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The whodunit of stolen credit cards
With little brute and more skill, thieves only need a minute, sometimes a second, to pilfer your credit card data.
"Back in the beginning, they got the imprint of credit cards from the carbon copies they dug out of the trash," says William Noonan, deputy special agent in charge of the Secret Service's cyber operations branch of the criminal investigative division. "Technology has changed things."
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The good news, if there is any: While the number of data breaches involving credit and debit card numbers grew in 2015 to 160 from 138 the year prior, the total number of records exposed fell dramatically to 800,000 from 64.4 million, according to The Identity Theft Resource Center, a San Diego-based nonprofit organization.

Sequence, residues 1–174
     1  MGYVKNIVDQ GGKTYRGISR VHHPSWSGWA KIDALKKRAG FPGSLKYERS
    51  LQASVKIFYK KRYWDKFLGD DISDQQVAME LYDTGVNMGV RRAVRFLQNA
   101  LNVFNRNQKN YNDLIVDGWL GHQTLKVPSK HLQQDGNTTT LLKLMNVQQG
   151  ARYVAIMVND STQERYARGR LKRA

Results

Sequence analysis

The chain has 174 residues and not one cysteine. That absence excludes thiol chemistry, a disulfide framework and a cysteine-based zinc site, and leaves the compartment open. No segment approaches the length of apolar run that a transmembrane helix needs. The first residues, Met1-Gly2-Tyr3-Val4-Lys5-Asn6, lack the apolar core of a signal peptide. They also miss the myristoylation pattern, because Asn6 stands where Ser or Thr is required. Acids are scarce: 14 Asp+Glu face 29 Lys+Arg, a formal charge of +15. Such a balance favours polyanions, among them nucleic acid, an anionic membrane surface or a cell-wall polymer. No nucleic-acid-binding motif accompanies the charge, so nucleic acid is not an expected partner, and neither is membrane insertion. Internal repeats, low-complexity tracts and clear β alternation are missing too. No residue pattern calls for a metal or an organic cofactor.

In 2015, criminals hacked, phished or skimmed their way into the systems of Ashley Madison, the CVS Photo website, Hilton Worldwide, Hyatt Hotels, Landry's restaurants and Trump Hotel Properties, among others. In some cases, they only obtained names and emails. In the worst cases, they got credit card numbers.
The schemes are simpler than you think. Bankrate presents the most common ways thieves pilfer your credit card information.
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